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Spotlight: Ben Foreman, P&A Club manager at Well-Safe Solutions

Tell us a fun fact about yourself

At 37 I am still a student, studying for a Masters in Petroleum Engineering at Heriot Watt.

Tell us about your career journey so far

After getting my Beng in Mechanical Engineering at Loughborough University I worked at Toyota manufacturing plant as a trainee production engineer for a year, making the Auris and Avensis cars.

I then moved to Aberdeen to work for Schlumberger, a service company in the oil and gas industry. I worked in drilling and measurement, based in Aberdeen but working all over the world in 4 continents.

From Schlumberger I moved to a well engineering company called ADTI where I worked as a drilling engineer planning and executing the drilling and testing of oil and gas wells.

Unfortunately, ADTI was a victim of the downturn in 2014 and closed, I decided I wanted a job where I could improve my soft skills. I worked for ITF where I worked at the technology manager and was responsible for facilitating new technology developments between ingenious small technology development companies and massive multinational oil companies.

After a few years in that role, I got the itch to return to operations, so moved to a new start company called Well-Safe Solutions, initially as an abandonment engineer, but quickly progressing into a project manager role. Now I am responsible to the timely delivery of whole well abandonment projects to operator customers.

What was your favourite subject in school and why?

I equally enjoyed maths and physics. I like to understand why and how this work, those two subjects go some way to explaining that. I think it was also down to having good teachers in those subjects.

What subjects/qualifications are useful in your role?

I would say that maths and physics were crucial for doing an engineering degree. For my career after these are again the foundation of what I do, especially maths. But with engineering, you also need to take into consideration the cost and commercial impacts as well as safety, so other subjects like business studies also feed in. In all honesty all learning from school can be employed, as in an engineering role you require the skills of reading information, interpreting it and being able to provide a critique and apply it to solve a challenge.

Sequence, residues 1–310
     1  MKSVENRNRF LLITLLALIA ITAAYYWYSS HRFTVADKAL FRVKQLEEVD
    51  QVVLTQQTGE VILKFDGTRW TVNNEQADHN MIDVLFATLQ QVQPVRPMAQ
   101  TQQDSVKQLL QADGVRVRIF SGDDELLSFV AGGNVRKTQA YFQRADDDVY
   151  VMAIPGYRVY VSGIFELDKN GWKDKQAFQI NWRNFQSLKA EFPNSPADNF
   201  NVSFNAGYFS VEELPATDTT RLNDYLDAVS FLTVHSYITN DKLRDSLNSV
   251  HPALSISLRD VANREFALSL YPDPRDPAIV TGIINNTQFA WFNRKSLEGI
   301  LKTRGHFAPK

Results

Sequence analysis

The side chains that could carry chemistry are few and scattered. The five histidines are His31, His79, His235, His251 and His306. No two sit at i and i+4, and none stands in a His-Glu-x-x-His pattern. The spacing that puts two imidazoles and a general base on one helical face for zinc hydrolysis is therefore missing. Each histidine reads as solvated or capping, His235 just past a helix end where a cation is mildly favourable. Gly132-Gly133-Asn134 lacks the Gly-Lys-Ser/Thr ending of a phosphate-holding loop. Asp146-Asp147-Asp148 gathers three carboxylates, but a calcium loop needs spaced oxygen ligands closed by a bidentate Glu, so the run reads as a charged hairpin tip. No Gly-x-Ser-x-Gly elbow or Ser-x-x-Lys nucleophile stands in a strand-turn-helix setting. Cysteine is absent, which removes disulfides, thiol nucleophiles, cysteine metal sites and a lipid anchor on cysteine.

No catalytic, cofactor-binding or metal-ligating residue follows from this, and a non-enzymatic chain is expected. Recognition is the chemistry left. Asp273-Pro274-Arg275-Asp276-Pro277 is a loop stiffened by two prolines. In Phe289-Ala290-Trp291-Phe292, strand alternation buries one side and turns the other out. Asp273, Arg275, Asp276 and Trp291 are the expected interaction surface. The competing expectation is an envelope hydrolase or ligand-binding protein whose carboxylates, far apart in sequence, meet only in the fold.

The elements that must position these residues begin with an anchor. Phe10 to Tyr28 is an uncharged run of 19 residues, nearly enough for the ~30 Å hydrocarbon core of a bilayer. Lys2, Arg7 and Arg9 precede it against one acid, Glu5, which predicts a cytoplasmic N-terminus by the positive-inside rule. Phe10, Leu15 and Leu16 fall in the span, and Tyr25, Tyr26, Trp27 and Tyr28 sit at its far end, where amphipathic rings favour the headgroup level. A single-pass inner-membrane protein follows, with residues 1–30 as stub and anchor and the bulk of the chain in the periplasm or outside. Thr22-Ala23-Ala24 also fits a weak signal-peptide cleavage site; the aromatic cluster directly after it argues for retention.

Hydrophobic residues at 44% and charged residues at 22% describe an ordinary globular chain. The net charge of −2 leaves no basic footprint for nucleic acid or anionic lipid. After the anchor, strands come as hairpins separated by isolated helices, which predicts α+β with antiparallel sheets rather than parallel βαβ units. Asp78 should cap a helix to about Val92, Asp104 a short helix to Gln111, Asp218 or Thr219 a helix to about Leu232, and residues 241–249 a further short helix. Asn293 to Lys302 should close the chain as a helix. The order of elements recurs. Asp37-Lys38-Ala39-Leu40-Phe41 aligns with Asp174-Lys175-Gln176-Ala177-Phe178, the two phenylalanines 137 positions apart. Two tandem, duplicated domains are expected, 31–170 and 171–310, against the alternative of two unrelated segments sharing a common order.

There are also job-based qualification I have earnt while working, although job specific, they show the learning and development doesn’t stop once you start working.

What is your favourite thing about your job?

The diversity of the role, the cut and thrust of operations where the daily cost of operations can be quarter of a million, so time and efficiency are very important. The team that works for me also makes the job enjoyable, with the amount of time we spend working together that’s really important!!

I also enjoy problem solving, with well abandonment operations there is always a challenge that needs to be solved, I enjoy understanding an issue and providing solutions to that issue, then administering the solution to see the end result.

What is a normal day in your role like?

During planning a typical day is examining data, planning based on what we find, whilst communicating with the 100 stakeholders to make a successful project.

When I have a rig on hire and we are actively decommissioning wells the mornings start with reading the daily reports that are delivered at 6am, then in to a morning call with the rig at 8am to discuss the days operations and what is coming up. The day is that a mix of ensuring everything is in place for upcoming operations for both equipment and personnel, ensuring all relevant parties are aware of what is happening.

Suggest an activity that could be done at home that illustrates an aspect of your work?

Quest for Oil is a computer game made by Maersk and really well shows how oil is found and produced.

Practical example for well abandonment which shows the basic premise of well abandonment, which is to prevent hydrocarbons under pressure reaching surface by using a plug.

A series of experiment by putting different fluids (water, jam, peanut butter) in a straw and seeing how easy they are to push out of the straw by applying a pressure (blowing on it). Easy to see a low viscosity fluid like water will flow out easily, but a viscous fluid like nut butter will not. This along with the principle of permeability show how plugs work.


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